Cart --
0 Items in Cart
Your Shopping Cart is Empty
Get $10 Credit

Grooming a Chow Chow to Look Like a Lion

By Team PetCareRx. July 09, 2012 | See Comments

Grooming a Chow Chow to Look Like a Lion

The most popular cut for the Chow Chow is the lion cut, which is both practical and attractive. Learn more about the benefits and drawbacks of a lion cut for your Chow Chow here.

With origins traceable to northern China thousands of years ago, the Chow Chow seems to have an ancestry going back to ancient general-purpose arctic working dogs. Depictions of chow-like dogs are found on pottery of the region 2,000 years ago, and old writings indicate similar dogs were used as sporting dogs by Chinese emperors 1,300 years ago. Primarily a companion dog today, the Chow Chow carries as a marker of its long history an extremely dense and heavy double coat that needs extensive grooming. With a ruff that bestows a lion-like appearance, Chow Chows can be clipped to exaggerate the look, while reducing the grooming they need.

The Lion Cut

The most popular cut for the Chow Chow is the lion cut, which exaggerates the breed's lion-like appearance. The cut is usually given by a professional groomer and involves shaving portions of the dog's fur. The body is shaved using electric clippers, leaving the fur around the face, head, part of the chest and on a small portion of the shoulders. The fur on the tip of the tail is left, as is the fur on the feet and ankles.

Why the Lion Cut

Lion cuts work well for owners who are unable to brush their Chow Chow dogs regularly to prevent matting and skin infections. The low-maintenance cuts also work for Chow Chows with extreme matting of the fur on the body. This cut usually is given just before the start of warm weather. In cooler weather, protect the clipped parts of your Chow Chow's body with sweaters and jackets.

Professional Groomers

Chow Chows are naturally fastidious, and they usually enjoy being groomed and brushed by their owners. Stay with your dog during the initial sessions of professional grooming to allow your Chow Chow to learn to trust the groomer. Dogs of this breed can be suspicious of new people and sometimes require coaxing to give their trust. Give your dog plenty of praise and treats to make the grooming session a positive experience.

Grooming

After a lion cut is given, the fur around the Chow Chow's face still requires daily brushing to prevent or remove mats and tangles. As the coat grows in, brush it daily to prevent the new coat from tangling. The cut reduces the time you need to spend rinsing the fur when you bathe the dog. After bathing, use sunscreen on your Chow Chow's shaved areas to protect the exposed skin from the elements.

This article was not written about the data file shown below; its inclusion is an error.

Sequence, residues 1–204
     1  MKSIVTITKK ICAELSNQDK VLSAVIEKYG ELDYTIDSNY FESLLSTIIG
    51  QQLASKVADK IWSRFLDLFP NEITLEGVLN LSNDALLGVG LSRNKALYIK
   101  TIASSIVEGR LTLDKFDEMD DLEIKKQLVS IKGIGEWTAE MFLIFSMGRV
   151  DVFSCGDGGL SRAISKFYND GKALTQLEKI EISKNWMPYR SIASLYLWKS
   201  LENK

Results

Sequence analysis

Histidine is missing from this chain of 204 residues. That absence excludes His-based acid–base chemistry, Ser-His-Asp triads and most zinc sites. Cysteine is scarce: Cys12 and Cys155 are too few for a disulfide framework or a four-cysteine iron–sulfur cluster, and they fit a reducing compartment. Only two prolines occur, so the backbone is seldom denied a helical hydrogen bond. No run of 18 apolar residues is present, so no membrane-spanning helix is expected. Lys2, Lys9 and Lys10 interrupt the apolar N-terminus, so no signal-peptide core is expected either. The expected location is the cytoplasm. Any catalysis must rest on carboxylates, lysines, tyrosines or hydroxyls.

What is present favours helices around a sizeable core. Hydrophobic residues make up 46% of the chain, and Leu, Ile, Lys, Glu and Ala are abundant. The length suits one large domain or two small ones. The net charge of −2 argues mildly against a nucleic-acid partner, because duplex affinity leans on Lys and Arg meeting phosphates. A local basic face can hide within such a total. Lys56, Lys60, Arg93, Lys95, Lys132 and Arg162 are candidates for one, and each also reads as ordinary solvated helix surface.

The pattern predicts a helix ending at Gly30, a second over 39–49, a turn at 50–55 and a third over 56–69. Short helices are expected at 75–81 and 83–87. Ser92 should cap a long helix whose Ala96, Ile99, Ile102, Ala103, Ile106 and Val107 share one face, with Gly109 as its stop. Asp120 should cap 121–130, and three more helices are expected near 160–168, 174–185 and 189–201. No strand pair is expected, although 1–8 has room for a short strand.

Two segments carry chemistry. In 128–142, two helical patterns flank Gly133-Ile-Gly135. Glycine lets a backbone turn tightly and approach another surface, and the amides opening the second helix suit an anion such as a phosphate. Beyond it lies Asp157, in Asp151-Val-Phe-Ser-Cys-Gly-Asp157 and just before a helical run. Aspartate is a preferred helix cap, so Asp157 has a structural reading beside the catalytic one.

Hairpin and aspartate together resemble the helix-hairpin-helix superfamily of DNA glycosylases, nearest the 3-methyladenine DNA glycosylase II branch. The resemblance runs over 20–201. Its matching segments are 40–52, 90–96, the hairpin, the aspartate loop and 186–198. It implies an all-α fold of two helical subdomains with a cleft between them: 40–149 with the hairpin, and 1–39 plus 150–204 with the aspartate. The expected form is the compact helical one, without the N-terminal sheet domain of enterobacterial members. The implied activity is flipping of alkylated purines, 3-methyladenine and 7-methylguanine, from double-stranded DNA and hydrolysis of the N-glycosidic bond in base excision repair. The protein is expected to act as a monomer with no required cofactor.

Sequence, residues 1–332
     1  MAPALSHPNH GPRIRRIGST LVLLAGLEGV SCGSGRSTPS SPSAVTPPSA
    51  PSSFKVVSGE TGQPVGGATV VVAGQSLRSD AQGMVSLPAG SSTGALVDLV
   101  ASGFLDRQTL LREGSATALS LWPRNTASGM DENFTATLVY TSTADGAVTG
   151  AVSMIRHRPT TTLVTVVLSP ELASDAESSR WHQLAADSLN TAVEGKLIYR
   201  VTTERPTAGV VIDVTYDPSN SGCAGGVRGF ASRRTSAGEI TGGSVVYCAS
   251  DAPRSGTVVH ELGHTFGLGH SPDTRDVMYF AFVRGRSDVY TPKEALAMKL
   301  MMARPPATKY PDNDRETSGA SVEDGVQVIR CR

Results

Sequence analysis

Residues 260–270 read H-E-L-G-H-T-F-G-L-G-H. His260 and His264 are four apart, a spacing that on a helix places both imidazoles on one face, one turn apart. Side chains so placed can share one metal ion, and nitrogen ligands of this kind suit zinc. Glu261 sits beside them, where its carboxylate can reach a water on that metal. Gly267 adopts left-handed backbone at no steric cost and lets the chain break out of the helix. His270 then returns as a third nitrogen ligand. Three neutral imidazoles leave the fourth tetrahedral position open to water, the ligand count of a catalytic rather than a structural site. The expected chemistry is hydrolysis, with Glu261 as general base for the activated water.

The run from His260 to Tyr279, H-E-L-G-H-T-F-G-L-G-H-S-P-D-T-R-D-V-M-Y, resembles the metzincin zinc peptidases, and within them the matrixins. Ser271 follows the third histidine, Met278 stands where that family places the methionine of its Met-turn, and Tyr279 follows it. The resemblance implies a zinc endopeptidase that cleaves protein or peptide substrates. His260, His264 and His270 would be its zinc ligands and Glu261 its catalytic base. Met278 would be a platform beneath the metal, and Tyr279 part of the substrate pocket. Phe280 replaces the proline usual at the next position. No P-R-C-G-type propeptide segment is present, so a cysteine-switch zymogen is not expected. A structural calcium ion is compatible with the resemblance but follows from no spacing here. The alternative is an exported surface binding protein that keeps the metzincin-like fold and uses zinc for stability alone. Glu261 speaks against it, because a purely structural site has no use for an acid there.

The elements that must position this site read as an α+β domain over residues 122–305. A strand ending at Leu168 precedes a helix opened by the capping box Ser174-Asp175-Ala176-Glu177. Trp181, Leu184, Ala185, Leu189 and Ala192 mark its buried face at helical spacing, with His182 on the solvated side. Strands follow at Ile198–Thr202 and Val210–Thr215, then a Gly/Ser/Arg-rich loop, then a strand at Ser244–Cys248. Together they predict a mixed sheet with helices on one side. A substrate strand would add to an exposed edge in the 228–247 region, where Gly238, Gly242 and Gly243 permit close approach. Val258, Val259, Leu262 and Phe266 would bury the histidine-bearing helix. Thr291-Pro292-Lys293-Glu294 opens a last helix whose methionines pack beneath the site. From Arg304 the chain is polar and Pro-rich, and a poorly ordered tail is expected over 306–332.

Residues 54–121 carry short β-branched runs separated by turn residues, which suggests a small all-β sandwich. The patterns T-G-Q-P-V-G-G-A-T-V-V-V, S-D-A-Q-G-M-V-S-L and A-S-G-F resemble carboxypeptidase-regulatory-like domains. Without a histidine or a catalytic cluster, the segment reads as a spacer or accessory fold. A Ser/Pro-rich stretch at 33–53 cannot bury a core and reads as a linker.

Showing

If your Chow Chow is a show dog, you may not alter the natural coat beyond a slight trimming to neaten the natural lines of the dog's fur. If you plan to show your Chow Chow but still wish to cut the dog's hair in a lion cut, do this several months prior to a competition in hopes that the fur will grow back in before the show date.

Warnings

Shaving your Chow Chow's coat can cause changes in the texture of the fur when the hair grows back in.

In warmer climates, the dog's thick coat can actually serve as an insulator to keep the dog cool. When the fur is shaved away, your dog can overheat more easily.

This breed is prone to hot spots more than other breeds, and shaving may worsen this problem in some cases. If you notice any signs of irritation on your Chow Chow's skin, consult with a veterinarian about ways to provide your dog with relief, such as medicated creams and shampoos.

More on Grooming Your Chow Chow

Large Dog Grooming Tips
How to Groom a Dog
Natural and Homemade Shampoo for Dogs
Cat and Dog Grooming SuppliesSkin and Coat Care: A Pet Parent's Guide

References & Resources

National Geographic: Dog DNA Study Yields Clues to Origins of Breeds
American Kennel Club: AKC Meet the Breeds: Chow Chow
United Kennel Club: Chow Chow
The Chow Chow Club: Grooming Your Pet Chow Chow
PetGroomer.com: Chow Chow
"Ultimate Dog Grooming"; Eileen Geeson, et al.

This information is for informational purposes only and is not meant as a substitute for the professional advice of, or diagnosis or treatment by, your veterinarian. Always seek the advice of your veterinarian or other qualified professional with any questions you may have regarding a medical condition. Never disregard or delay seeking professional advice due to what you may have read on our website.

Was this article helpful?